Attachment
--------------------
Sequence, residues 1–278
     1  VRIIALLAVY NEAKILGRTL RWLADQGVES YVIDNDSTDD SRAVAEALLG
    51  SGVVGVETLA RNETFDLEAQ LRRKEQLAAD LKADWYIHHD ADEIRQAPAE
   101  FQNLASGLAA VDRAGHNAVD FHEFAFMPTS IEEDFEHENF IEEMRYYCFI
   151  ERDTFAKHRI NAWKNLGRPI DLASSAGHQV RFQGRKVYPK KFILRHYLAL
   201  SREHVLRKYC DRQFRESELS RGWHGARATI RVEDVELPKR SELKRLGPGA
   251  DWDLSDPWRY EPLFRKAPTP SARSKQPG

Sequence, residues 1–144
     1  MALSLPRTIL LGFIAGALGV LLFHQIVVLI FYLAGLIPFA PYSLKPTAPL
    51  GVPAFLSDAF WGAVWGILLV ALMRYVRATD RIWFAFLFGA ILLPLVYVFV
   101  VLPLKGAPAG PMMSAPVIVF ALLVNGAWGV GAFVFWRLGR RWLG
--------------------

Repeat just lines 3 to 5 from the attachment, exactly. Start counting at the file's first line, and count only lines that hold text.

    51  SGVVGVETLA RNETFDLEAQ LRRKEQLAAD LKADWYIHHD ADEIRQAPAE
   101  FQNLASGLAA VDRAGHNAVD FHEFAFMPTS IEEDFEHENF IEEMRYYCFI
   151  ERDTFAKHRI NAWKNLGRPI DLASSAGHQV RFQGRKVYPK KFILRHYLAL